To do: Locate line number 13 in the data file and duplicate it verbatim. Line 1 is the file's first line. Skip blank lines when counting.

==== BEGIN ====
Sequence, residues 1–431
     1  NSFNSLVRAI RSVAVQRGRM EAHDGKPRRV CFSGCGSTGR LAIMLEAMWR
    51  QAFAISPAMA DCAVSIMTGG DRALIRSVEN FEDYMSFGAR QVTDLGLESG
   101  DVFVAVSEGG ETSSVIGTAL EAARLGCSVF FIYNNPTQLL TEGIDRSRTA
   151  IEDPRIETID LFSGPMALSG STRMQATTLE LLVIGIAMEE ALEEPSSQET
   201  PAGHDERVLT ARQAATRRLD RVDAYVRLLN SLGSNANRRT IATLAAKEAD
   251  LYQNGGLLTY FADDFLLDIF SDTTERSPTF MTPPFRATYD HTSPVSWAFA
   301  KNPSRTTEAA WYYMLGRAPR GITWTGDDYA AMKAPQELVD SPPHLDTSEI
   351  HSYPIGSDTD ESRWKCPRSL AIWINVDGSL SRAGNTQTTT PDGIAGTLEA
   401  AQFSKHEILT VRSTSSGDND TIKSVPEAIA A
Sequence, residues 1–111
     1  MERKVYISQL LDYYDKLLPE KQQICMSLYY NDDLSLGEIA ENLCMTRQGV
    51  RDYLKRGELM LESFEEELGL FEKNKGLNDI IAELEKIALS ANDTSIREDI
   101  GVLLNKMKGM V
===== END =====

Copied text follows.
    51  RDYLKRGELM LESFEEELGL FEKNKGLNDI IAELEKIALS ANDTSIREDI